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Definition of Air Pollution

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Presentation on theme: "Definition of Air Pollution"— Presentation transcript:

1 Definition of Air Pollution
Air pollution occurs when the air contains gases, dust, fumes or odour in harmful amounts. That is, amounts which could be harmful to the health or comfort of humans and animals or which could damage to plants and materials. The substances that cause air pollution are called pollutants.

2 Air Pollution is the human introduction into the atmosphere of chemicals, particulates, or biological materials that cause harm or discomfort to humans or other living organisms, or damage the environment. Air pollution causes deaths and respiratory disease.

3 Sources of Pollutants The two main sources of pollutants in urban areas are transportation (predominantly automobiles) and fuel combustion in stationary sources, including residential, commercial, and industrial heating and cooling and coal-burning power plants.

4 Motor vehicles produce high levels of
carbon monoxides (CO) and a major source of hydrocarbons (HC) and nitrogen oxides (NOx). Whereas, fuel combustion in stationary sources is the dominant source of sulfur dioxide (SO2).

5 Carbon Dioxide - CO2 Carbon dioxide (CO2) is one of the major pollutants in the atmosphere. Major sources of CO2 are fossil fuels burning and deforestation. CO2 a greenhouse gas emitted from combustion.

6 Carbon Monoxide -CO Carbon monoxide is colourless, odourless, non-irritating but very poisonous gas. It is a product by incomplete combustion of fuel such as natural gas, coal or wood. Vehicular exhaust is a major source of carbon monoxide.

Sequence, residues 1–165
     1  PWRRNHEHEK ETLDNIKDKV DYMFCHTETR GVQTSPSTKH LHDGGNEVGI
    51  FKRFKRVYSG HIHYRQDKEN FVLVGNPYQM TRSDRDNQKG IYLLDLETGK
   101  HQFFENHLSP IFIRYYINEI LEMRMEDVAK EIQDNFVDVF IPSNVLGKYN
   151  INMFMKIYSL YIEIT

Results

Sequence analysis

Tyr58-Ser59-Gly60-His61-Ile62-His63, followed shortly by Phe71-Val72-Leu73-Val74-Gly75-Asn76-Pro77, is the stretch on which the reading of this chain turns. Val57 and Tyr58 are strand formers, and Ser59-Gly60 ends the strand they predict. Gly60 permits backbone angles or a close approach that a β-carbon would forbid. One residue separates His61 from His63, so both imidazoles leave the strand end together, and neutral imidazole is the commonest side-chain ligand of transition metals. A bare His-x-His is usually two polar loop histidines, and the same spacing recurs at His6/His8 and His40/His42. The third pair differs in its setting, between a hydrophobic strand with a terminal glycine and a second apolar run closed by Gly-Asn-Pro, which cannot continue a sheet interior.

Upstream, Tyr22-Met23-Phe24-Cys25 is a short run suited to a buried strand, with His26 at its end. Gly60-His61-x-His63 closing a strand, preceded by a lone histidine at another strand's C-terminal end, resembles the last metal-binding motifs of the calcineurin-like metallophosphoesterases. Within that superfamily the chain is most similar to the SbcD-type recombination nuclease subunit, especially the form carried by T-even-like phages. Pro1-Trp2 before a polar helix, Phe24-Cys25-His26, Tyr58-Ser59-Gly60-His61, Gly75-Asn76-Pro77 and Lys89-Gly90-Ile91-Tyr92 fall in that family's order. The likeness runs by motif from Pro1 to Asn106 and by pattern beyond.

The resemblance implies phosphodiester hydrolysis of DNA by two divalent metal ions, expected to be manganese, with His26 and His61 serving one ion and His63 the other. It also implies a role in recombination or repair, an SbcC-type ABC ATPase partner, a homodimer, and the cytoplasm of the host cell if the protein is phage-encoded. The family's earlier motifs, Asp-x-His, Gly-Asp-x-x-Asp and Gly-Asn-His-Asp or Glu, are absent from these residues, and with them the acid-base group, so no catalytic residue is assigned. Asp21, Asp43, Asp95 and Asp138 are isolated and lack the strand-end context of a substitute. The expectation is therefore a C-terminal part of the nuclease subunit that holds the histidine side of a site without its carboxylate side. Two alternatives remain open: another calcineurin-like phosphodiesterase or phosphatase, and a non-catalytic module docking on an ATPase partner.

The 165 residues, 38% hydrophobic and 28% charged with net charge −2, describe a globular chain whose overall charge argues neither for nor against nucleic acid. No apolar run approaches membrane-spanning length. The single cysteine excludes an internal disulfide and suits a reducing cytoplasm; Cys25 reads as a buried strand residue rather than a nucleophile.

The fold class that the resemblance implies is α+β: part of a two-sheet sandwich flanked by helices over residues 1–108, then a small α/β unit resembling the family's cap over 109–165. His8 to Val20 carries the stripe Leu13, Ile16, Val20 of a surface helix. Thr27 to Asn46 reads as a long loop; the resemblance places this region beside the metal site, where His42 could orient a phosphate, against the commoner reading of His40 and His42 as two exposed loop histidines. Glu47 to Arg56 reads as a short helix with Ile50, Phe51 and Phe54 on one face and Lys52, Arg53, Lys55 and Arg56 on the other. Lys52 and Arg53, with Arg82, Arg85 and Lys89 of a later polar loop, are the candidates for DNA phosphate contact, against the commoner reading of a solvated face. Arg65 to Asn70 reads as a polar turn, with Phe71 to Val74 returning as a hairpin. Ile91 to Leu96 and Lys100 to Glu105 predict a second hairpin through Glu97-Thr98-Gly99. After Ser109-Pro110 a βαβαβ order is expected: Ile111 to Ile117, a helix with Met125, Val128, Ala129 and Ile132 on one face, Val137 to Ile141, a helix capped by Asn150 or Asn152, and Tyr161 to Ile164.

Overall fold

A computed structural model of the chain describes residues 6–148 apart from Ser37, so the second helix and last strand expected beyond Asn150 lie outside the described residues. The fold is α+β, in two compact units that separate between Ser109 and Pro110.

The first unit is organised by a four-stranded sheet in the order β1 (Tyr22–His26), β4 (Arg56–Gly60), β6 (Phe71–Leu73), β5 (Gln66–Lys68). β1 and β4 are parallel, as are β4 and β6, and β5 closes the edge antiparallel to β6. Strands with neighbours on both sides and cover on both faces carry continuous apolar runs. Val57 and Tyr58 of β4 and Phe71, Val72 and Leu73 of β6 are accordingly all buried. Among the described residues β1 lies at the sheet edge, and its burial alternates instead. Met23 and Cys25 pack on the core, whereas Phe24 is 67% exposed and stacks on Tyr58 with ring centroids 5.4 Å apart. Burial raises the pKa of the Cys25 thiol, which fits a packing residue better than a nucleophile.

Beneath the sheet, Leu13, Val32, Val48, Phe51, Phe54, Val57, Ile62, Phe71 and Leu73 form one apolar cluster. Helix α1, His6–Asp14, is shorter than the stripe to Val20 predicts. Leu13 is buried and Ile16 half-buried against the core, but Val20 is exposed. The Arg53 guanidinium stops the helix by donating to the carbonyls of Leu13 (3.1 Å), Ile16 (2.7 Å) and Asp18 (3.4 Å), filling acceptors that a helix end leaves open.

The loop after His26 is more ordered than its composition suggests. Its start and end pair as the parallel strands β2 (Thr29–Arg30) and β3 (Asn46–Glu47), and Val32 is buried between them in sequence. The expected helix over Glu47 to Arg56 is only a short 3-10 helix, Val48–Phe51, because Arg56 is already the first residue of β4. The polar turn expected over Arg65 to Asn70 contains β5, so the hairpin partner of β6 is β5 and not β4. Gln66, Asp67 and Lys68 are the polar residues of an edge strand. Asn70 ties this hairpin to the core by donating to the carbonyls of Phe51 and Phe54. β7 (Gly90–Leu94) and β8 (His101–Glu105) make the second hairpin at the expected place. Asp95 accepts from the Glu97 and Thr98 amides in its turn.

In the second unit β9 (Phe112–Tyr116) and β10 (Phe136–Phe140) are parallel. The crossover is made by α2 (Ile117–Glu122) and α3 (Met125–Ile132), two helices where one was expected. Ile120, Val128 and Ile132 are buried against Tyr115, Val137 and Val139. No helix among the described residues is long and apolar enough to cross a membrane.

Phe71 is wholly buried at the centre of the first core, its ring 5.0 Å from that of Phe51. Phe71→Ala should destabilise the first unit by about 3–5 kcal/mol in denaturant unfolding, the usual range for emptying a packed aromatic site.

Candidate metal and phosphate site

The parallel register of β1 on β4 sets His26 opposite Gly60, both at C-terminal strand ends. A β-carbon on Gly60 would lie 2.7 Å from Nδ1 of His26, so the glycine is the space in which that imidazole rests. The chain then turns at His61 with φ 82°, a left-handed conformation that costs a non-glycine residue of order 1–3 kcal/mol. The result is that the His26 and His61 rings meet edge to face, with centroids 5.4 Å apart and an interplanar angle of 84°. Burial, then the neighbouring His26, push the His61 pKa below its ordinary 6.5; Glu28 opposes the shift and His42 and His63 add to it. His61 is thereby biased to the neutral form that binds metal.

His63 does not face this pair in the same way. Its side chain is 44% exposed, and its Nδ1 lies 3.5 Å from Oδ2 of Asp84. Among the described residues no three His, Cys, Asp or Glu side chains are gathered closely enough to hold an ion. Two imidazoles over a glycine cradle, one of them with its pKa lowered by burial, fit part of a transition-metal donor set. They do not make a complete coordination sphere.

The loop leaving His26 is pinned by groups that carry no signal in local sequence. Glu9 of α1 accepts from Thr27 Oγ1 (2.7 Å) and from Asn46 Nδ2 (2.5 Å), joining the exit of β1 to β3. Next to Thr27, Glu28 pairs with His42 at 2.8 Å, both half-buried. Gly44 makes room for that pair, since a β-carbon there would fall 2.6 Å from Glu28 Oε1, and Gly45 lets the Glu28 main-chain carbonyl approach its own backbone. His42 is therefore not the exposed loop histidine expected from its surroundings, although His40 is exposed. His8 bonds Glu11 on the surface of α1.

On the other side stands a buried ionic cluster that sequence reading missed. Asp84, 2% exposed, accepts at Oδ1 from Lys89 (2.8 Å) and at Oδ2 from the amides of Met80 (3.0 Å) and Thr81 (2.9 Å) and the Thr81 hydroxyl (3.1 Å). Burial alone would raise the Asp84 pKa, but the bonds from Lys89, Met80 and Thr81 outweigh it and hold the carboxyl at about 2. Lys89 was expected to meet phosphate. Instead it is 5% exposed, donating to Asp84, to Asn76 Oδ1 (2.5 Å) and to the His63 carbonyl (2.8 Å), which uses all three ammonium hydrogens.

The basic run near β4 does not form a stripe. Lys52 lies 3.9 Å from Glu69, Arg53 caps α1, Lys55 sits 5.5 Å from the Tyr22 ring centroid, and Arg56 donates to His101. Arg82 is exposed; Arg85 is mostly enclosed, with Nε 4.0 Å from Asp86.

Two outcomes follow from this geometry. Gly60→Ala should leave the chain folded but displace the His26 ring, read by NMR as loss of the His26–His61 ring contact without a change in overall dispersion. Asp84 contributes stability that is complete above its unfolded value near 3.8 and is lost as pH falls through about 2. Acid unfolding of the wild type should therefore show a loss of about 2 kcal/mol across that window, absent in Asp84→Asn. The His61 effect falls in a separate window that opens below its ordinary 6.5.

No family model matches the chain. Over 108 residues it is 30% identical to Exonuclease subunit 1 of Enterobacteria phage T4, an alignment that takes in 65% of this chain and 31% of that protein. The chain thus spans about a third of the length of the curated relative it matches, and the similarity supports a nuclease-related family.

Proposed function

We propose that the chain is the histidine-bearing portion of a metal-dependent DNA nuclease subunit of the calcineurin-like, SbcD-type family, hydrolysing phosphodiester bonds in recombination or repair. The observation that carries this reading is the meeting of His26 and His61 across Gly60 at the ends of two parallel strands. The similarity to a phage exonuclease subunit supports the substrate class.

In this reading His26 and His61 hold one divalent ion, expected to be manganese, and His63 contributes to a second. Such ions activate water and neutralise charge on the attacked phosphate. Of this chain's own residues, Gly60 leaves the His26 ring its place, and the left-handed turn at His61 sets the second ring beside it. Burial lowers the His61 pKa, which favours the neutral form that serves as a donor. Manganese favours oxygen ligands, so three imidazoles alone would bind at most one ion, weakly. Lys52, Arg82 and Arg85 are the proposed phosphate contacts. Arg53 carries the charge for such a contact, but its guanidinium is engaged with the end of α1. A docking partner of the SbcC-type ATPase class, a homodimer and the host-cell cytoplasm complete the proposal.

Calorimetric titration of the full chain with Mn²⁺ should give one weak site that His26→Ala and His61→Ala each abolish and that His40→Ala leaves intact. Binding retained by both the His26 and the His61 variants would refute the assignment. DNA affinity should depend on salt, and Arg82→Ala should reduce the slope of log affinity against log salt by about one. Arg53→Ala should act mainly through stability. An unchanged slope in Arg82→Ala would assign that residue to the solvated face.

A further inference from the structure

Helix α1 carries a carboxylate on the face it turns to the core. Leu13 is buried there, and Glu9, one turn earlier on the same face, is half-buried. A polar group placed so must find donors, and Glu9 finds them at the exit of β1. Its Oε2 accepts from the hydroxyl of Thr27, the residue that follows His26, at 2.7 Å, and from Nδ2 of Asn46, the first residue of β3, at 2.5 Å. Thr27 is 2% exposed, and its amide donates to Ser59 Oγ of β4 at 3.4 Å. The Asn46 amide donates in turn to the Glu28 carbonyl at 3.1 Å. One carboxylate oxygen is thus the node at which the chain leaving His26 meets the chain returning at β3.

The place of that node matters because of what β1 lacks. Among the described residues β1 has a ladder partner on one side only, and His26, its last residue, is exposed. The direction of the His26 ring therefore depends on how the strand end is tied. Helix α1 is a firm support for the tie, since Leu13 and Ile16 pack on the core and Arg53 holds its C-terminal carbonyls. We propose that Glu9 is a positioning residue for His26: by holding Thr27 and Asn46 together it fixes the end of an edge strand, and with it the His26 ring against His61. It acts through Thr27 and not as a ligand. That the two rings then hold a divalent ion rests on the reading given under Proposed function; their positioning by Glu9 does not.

7 N0X - nitric oxide (N0) and nitrogen dioxide (N02)
Natural component of the Earth's atmosphere. Important in the formation of both acid precipitation and photochemical smog (ozone), and causes nitrogen loading. Comes from the burning of biomass and fossil fuels. 30 to 50 million tons per year from human activities, and natural 10 to 20 million tons per year. Average residence time in the atmosphere is days. Has a role in reducing stratospheric ozone.

8 Sulfur Oxides - SOx Sulfur oxides (SOx) especially sulfur dioxide are emitted from burning of coal and oil. At sufficiently high concentrations, sulfur dioxide irritates the upper respiratory tract of human beings because potential effect of sulfur dioxide is to make breathing more difficult by causing the finer air tubes of the lung to constrict.

9 Chlorofluorocarbons (CFCs)
CFCs are lowering the average concentration of ozone in the stratosphere. Spray cans, discarded or leaking refrigeration and air conditioning equipment, and the burning plastic foam products release the CFCs into the atmosphere. Depending on the type, CFCs stay in the atmosphere from 22 to 111 years.

10 Smog This smog is created by burning coal and heavy oil that contain sulfur impurities in power plants, industrial plants, etc... The smog consists mostly of a mixture of sulfur dioxide and fog. Suspended droplets of sulfuric acid are formed from some of the sulfur dioxide, and a variety of suspended solid particles. This smog is common during the winter in cities such as London, Chicago, Pittsburgh. When these cities burned large amounts of coal and heavy oil without control of the output, large-scale problems were witnessed.

11 In 1952 London, England, 4,000 people died as a result of this form of fog. Today coal and heavy oil are burned only in large boilers and with reasonably good control or tall smokestacks so that industrial smog is less of a problem.

12 Smog can form in almost any climate where industries or cities release large amounts of air pollution.

13 Volatile Organic Compounds (VOC), such as hydrocarbon fuel vapors and solvents.
Toxic metals such as lead, cadmium and copper. Ammonia emitted from agricultural processes. Odors such as from garbage, sewage and industrial processes. Radioactive pollutants.

14 Secondary Pollutants:
Ground level ozone (O3) formed from NOx and VOC. Peroyacetyl (PAN) similarly formed from NOx and VOC.

15 Indoor Air Pollution Pollutions from power plants, cars, and other transportation is a well-known contributor to outdoor air pollution. But indoor air pollution is often worse; it can be up to 10 times worse for you than the air outside.